I was only three sentences into CEA President Beverly Ingle’s Op-Ed in the Denver Post on April 21 when I knew I had to respond. You see, her third sentence was a poorly worded question that actually made no sense, although I could infer what it was that she meant to ask. So, after reading three sentences of a piece written by the President of the Colorado Education Association, only 2 of them make sense. I used to be a high school math teacher, not an English teacher. Still, having been a teacher and dues-paying state/federal union member before leaving education, I am curious as to what this op-ed will reveal. Read on, intrepid taxpayer, let’s see if this was an aberration.
Next up, a false generalization stating that supporters of SB 191 claim that passage of the bill would guarantee that Colorado will win federal funds in Round 2 of “Race to the Top.” Certainly I could have missed it, but I haven’t seen anyone make such guarantees.
Next paragraph: a sentence mixing tenses stating that “Next year, Colorado school districts are receiving…” I believe that should be “will receive.” Continuing on, it looks like we have the classic straw man argument, setting up the potential value of winning Race to the Top funds of $25 per student vs. budget cuts of $450 per student. The actual title of the bill is “Concerning Ensuring Quality Instruction Through Educator Effectiveness”, not “A Guaranteed Method to Win Race to the Top Funding.” Mrs. Ingle seems to either be missing the point of the bill, or misleading us with a straw man argument.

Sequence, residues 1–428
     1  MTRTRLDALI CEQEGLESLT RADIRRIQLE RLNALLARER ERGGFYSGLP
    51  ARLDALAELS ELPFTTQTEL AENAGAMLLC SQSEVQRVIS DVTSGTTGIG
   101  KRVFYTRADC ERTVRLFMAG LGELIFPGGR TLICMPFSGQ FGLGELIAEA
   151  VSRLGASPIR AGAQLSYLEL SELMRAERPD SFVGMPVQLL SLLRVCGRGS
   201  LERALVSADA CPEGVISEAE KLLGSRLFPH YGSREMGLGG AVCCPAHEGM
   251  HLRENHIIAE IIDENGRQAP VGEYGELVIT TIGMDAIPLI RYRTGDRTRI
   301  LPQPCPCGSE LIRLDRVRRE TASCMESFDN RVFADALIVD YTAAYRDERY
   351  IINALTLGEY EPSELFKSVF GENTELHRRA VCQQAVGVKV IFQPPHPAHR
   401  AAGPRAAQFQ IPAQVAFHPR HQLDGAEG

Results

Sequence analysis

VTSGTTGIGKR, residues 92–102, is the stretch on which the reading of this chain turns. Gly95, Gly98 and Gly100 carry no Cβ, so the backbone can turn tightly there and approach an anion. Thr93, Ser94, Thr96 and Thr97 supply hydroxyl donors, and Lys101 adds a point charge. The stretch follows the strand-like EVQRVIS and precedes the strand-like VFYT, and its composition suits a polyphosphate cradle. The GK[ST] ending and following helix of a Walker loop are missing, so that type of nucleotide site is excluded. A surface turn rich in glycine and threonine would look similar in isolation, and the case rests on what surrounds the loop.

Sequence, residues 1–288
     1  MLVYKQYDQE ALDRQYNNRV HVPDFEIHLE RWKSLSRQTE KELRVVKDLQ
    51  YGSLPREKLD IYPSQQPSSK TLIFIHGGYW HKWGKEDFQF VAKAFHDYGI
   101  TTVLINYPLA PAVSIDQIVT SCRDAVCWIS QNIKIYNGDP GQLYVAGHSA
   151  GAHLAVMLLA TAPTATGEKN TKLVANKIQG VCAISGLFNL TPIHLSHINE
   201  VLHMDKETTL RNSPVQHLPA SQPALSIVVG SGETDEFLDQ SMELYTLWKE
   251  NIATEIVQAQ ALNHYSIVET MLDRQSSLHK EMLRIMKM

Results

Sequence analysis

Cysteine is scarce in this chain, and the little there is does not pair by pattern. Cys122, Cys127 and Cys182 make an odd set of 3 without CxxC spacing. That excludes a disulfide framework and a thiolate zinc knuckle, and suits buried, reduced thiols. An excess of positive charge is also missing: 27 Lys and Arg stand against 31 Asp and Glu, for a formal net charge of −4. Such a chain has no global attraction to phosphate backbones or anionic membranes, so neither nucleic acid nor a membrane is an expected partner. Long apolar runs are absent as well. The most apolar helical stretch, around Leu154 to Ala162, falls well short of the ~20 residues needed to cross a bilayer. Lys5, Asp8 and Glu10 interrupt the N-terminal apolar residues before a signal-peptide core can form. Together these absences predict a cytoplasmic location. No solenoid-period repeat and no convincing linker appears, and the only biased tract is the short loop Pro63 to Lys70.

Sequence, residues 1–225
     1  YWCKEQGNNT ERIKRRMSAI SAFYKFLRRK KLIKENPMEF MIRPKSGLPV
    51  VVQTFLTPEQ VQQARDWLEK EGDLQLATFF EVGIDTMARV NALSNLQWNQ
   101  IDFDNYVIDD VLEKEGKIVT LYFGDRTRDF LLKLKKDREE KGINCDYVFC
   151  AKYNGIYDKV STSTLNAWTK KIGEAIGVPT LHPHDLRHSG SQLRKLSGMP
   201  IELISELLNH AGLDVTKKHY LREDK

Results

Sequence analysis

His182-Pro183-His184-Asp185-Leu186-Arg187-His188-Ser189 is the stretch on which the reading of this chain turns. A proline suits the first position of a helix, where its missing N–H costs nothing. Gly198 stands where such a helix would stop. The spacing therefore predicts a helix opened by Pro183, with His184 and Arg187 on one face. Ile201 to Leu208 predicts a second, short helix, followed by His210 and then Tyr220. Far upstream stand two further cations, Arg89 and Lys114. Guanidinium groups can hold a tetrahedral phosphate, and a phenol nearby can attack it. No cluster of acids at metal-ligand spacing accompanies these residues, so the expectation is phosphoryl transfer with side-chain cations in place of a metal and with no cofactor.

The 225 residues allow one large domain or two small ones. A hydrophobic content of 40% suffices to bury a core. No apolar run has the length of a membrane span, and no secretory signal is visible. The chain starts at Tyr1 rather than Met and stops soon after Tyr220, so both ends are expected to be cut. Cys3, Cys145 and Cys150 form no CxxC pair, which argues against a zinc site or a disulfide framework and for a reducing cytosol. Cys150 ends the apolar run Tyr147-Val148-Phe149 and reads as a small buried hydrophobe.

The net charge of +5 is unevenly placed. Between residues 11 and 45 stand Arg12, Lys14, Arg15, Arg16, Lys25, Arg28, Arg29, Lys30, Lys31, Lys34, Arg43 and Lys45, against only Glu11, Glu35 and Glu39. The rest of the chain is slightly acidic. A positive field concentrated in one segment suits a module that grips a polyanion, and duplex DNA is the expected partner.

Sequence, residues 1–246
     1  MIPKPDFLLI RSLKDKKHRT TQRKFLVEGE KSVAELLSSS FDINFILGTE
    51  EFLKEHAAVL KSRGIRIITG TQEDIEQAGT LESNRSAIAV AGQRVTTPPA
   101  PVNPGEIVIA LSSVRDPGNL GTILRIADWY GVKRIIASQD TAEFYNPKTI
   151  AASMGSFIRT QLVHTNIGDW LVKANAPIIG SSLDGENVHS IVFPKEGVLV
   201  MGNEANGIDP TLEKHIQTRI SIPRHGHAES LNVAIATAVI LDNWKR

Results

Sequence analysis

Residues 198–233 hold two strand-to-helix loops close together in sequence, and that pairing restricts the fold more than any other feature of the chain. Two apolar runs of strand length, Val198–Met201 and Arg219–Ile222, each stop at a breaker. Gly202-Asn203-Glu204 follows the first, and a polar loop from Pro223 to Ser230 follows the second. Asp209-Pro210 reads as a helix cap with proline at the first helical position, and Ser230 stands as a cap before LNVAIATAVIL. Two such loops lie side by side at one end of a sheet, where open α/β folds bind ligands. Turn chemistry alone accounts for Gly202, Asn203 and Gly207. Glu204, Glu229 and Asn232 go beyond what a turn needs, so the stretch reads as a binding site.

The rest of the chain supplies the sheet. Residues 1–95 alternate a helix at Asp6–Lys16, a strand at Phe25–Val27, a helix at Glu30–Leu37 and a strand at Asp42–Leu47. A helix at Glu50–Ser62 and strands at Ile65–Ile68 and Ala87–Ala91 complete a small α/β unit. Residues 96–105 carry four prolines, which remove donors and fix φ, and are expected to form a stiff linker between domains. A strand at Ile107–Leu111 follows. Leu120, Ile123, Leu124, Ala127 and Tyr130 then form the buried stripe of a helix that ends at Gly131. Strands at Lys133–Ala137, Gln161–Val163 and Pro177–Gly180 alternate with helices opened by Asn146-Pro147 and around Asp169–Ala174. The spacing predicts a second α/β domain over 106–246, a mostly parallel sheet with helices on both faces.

Moving on, I see that her next line of objection to the bill is that it will create an unfunded mandate for school districts in Colorado. As I read the Colorado Legislative Council Staff Fiscal Note on the State and Local Impact of SB 191, I see that she is correct. The note specifically states that “These expenses for changing the evaluation and review process will be paid from existing school and district budgets.” I agree that legislating unfunded mandates can certainly be a problem.
What is Mrs. Ingle’s budget-busting concern? Every teacher and principal would have to be evaluated every year. This is too onerous for schools? Colorado schools already evaluate all non-tenured teachers annually. This bill specifically states that “Review and evaluation of probationary (non-tenured) teachers is unchanged.” Colorado schools currently review tenured teachers every three years. This bill would cause tenured teachers to be reviewed annually instead of every three years. Mrs. Ingle argues that this would be a budget-busting burden because “School districts do not have the capacity to evaluate every employee every year under their current management structure and budgets.” So increasing the evaluations of a sub-set of your teaching staff, tenured teachers only, from every three years to annually is beyond the capabilities of “current management structure and budgets?” If that’s true, then that’s a pretty damning indictment of the current system.